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Making a Proposal to a Board of Directors: Power Networking Tips & Techniques

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Making a Proposal to a Board of Directors: Power Networking Tips & Techniques

Making a Proposal to a Board of Directors: Power Networking Tips & Techniques by Rae Stonehouse, Okanagan-based Author, Speaker, Speech/Presentations Coach, Power Networker & Toastmaster Extraordinaire.

People join nonprofit boards of directors for a myriad of reasons. Making connections, building influence and a desire to make a genuine change in the status quo can be common reasons.

Becoming a member of a high profile board of directors can accelerate your networking activities and can place you in contact with people that can be influential in moving your career or business forward.

Yet many new directors become frustrated when they find that others aren’t as passionate about the causes that they believe in.

Making a Proposal to a Board of Directors: Power Networking Tips & Techniques

Sometimes discussion about an agenda item can be jump started by using a proposal. An effective proposal, presented both verbally and in writing, gives every member as complete a picture of the issue as possible.

Some elements to include in the verbal proposal:

  • An overview which describes why this item is important and worth group time
  • Goals you want the issue to achieve.
  • A description which details what the item is about and its history
  • A list of pro’s and con’s

Some elements to include in the written proposal:

The INTRODUCTION presents and summarizes the problem you intend to solve and your solution to that problem, including the benefits the reader/group will receive from the solution and the cost of that solution.

The BODY of the proposal should explain the complete details of the solution: how the job will be done, broken into separate tasks; what method will be used to do it, including the equipment, material, and personnel that would be required; when the work will begin; and, when the job will be completed. It should also present a detailed cost breakdown for the entire job.

The CONCLUSION should emphasize the benefits that the reader will realize from your solution to the problem and should urge the reader to action. It should be encouraging, confident and assertive in tone.

Once a proposal is introduced (and ideally it should be handed out well before the meeting so people have enough time to think about it), a listing of issues and concerns can be brain-stormed and worked through, discussion can happen about the issues and concerns, and a new, modified proposal can be drafted. Once sufficient discussion has occurred you may want to generate several alternative proposals and see if any of them work for the group. Often, by combining elements of multiple proposals, the end result is found.

Sometimes starting a discussion with a proposal can lead the group astray by starting at a particular place which may exclude other ideas or options. It can be helpful to introduce astarting proposal as just a starting place to get discussion going on the issue, rather than finished thinking about the issue.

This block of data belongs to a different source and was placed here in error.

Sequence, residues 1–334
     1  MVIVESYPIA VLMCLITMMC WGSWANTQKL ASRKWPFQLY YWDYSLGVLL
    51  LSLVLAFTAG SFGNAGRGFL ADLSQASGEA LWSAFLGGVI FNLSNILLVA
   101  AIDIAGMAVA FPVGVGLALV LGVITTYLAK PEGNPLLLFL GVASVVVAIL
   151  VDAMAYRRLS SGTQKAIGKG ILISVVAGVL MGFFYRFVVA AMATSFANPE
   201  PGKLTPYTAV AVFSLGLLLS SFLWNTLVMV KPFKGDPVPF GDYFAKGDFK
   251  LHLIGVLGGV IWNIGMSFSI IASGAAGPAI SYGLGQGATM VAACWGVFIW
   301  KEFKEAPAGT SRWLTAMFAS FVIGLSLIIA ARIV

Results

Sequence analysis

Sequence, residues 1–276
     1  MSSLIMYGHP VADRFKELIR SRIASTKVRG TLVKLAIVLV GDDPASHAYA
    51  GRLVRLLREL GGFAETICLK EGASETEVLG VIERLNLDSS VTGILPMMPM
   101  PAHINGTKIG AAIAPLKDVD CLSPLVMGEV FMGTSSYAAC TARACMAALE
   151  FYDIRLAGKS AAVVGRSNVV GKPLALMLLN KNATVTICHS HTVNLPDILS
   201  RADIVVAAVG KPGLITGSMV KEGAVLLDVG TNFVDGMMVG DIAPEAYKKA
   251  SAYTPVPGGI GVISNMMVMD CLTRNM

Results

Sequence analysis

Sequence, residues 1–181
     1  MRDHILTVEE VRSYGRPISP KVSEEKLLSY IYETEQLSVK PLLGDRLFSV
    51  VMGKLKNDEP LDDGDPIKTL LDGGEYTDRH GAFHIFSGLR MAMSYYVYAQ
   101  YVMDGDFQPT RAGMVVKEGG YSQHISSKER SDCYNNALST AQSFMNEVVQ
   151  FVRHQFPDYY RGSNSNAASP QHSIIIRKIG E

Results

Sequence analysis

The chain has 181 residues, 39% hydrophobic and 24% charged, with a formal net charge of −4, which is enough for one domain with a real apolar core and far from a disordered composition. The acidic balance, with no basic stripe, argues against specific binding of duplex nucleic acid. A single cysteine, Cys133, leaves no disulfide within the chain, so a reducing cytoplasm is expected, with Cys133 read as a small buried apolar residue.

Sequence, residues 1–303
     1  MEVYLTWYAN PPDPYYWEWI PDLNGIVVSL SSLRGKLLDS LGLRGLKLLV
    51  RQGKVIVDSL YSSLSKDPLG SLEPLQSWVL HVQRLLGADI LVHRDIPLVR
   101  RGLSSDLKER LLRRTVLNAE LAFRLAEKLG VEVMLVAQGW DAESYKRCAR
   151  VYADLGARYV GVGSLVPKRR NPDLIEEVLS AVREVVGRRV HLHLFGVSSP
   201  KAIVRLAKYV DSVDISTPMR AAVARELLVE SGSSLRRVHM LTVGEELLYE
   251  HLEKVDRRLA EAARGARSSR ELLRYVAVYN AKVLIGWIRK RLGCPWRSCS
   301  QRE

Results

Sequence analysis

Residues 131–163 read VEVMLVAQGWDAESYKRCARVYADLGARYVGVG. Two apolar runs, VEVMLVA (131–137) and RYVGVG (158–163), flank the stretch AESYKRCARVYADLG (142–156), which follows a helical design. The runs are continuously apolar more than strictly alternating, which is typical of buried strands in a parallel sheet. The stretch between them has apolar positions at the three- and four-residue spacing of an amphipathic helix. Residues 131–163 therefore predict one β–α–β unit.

As discussion on a subject is winding down, concerns have been aired and discussed, call for a proposal. It may be useful to have a break after the discussion to let people mingle more, then after the break call for proposals for consideration.

 

 

Last modified on Friday, 07 October 2016 02:36
Rae Stonehouse

Author Bio:

Rae A. Stonehouse is a Canadian born author & speaker. His professional career as a Registered Nurse working predominantly in psychiatry/mental health, has spanned four decades.

Rae has embraced the principal of CANI (Constant and Never-ending Improvement) as promoted by thought leaders such as Tony Robbins and brings that philosophy to each of his publications and presentations.

Rae has dedicated the latter segment of his journey through life to overcoming his personal inhibitions. As a 20+ year member of Toastmasters International he has systematically built his self-confidence and communicating ability. He is passionate about sharing his lessons with his readers and listeners. His publications thus far are of the self-help, self-improvement genre and systematically offer valuable sage advice on a specific topic.

His writing style can be described as being conversational. As an author Rae strives to have a one-to-one conversation with each of his readers, very much like having your own personal self-development coach. Rae is known for having a wry sense of humour that features in his publications.

 

Author of Self-Help Downloadable E-Books:

Power Networking for Shy PeoplePower Networking for Shy People: Tips & Techniques for Moving from Shy to Sly!

PROtect Yourself!PROtect Yourself! Empowering Tips & Techniques for Personal Safety: A Practical Violence Prevention Manual for Healthcare Workers.

E=Emcee SquaredE=Emcee SquaredTips & Techniques to Becoming a Dynamic Master of Ceremonies.

Power of PromotionPower of Promotion: On-line Marketing for Toastmasters Club Growth

 

Phone Rae 250-451-6564 or info@raestonehouse.com

Rae’s social … are you?

Twitter: http://twitter.com/RaeStonehousehttp://twitter.com/RaeStonehouse

Linkedin? Rae is http://www.linkedin.com/in/raestonehousehttp://www.linkedin.com/in/raestonehouse

Copyright 2015 Rae Stonehouse. The above document may be freely copied and distributed as long as the author’s name and contact info remain attached.

 

To learn more about Rae A. Stonehouse, visit the Wonderful World of Rae Stonehouse at http://raestonehouse.com.